Targeted Anti-Cancer Compounds for Treating Chromosomal Instability Syndromes
Posted Nov 25 2010 7:00pm
Description of Invention: At $47 billion, cancer is one of the largest, fastest growing markets in the pharmaceutical industry. There remains a significant unmet need for new therapeutics that target cancer cells while sparing normal cells. Cancer cells show higher levels of DNA damage than normal cells, and therefore rely more heavily than normal cells on DNA repair mechanisms for survival. There is a particular need for cancer therapies for cancer-prone chromosomal instability syndromes such as Ataxia Telangiectasia, Nijmegen Breakage, Bloom, and Fanconi’s anemia, which result from dysfunctional DNA repair systems.
Researchers at Columbia University and the National Cancer Institute (NCI) have developed compositions and methods of useful in the treatment of cancer and in the sensitization of cancer cells to cancer therapy. The compositions target the MRE11-RAD50-NBS1 (MRN) complex, a DNA repair complex essential for sensing and responding to DNA damage.
Given the dependency of cancer cells on DNA repair systems, they are susceptible to compositions that inhibit DNA damage repair. Thus, cancers that already have one or more defects in DNA repair systems, such as those from patients with chromosomal instability syndromes, are effectively treated with the present compositions.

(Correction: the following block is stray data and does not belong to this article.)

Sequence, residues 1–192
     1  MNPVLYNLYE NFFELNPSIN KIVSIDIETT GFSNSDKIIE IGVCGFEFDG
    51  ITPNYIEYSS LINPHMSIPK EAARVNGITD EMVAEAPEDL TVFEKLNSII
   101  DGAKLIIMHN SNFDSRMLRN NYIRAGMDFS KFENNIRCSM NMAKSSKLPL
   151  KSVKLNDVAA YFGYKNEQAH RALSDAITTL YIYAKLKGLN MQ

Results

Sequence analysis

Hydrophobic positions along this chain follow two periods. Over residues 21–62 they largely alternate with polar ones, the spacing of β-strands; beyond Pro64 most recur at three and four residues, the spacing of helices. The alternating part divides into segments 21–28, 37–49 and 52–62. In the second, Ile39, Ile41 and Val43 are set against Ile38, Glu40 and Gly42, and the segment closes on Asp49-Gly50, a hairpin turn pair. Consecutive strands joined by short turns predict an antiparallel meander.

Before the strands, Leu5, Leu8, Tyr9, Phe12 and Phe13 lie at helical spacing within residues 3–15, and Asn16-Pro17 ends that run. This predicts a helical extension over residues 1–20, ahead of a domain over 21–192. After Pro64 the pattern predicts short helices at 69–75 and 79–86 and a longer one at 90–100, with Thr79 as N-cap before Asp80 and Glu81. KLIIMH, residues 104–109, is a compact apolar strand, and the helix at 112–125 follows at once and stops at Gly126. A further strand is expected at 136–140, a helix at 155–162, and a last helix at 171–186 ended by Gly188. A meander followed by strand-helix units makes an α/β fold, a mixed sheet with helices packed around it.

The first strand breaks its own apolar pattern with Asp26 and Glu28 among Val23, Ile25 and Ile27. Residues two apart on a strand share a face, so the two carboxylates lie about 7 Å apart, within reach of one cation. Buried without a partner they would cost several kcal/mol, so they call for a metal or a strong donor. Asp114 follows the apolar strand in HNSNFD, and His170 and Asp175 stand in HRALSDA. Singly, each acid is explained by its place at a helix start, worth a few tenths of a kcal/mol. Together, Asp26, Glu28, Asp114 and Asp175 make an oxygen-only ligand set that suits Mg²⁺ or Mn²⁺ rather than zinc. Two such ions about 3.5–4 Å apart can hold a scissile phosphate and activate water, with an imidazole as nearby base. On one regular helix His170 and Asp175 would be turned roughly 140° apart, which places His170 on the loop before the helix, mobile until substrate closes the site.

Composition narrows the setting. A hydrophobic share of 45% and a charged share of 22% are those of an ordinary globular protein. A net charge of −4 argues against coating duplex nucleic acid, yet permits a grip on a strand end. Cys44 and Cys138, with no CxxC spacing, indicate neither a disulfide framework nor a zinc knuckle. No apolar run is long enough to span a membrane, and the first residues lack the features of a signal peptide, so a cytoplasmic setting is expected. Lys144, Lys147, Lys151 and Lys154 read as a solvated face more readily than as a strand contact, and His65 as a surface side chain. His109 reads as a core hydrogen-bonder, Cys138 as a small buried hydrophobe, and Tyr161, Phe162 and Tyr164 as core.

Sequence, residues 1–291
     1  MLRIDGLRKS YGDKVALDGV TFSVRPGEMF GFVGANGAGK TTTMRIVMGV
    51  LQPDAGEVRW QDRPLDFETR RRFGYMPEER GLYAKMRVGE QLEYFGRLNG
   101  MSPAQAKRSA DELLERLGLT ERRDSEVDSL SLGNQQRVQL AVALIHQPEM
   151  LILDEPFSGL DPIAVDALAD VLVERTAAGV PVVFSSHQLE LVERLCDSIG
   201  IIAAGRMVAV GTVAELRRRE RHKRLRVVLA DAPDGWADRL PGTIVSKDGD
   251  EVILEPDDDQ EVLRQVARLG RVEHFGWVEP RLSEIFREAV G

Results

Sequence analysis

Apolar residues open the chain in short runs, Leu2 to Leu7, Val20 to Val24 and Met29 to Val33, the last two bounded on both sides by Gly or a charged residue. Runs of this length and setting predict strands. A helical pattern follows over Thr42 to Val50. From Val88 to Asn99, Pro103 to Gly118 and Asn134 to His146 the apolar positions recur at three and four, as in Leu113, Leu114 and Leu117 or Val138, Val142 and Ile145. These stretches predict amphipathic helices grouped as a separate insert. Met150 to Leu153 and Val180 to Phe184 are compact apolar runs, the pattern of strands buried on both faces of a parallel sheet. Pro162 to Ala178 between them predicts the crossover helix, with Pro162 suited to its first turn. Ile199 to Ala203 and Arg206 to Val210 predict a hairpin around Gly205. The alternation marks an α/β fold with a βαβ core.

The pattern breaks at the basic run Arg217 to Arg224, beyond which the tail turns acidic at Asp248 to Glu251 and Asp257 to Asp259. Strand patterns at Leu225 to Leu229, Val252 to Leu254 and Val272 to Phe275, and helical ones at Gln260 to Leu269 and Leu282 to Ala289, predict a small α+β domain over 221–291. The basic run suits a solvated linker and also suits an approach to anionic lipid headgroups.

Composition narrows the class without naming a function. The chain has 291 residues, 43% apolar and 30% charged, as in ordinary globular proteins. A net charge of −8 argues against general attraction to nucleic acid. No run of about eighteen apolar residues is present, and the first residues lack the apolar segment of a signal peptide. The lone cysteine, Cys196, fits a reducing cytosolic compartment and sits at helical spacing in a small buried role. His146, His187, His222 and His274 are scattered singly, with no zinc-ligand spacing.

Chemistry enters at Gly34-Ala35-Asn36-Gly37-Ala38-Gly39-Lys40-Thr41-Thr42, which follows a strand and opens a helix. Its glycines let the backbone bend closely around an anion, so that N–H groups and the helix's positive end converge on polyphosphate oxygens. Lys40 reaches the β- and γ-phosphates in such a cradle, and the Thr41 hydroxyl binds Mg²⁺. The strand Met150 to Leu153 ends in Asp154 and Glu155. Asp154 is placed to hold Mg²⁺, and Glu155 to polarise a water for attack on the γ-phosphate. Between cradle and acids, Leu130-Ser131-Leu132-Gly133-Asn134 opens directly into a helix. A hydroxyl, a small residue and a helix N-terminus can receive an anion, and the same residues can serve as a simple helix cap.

Applications: Development of treatments for cancer
Development Status: Pre-clinical
Inventors: No Inventor Information Available.
Licensing Status: Available for licensing
Collaborative Research Opportunity: The National Cancer Institute, Division of Cancer Prevention, Chemopreventive Agent Development Research Group, is seeking statements of capability or interest from parties interested in collaborative research to further develop, evaluate, or commercialize agents for the prevention and treatment of cancer. Please contact John Hewes, Ph.D. at 301-435-3121 or email@example.com for more information. Click here to view the NCI collaborative opportunity announcement.
For Licensing Information Please Contact: Patrick McCue Ph.D. NIH Office of Technology Transfer 6011 Executive Blvd. Suite 325, Rockville, MD 20852 United States Email: McCuepat@mail.nih.gov Phone: 301-496-7057 Fax: 301-402-0220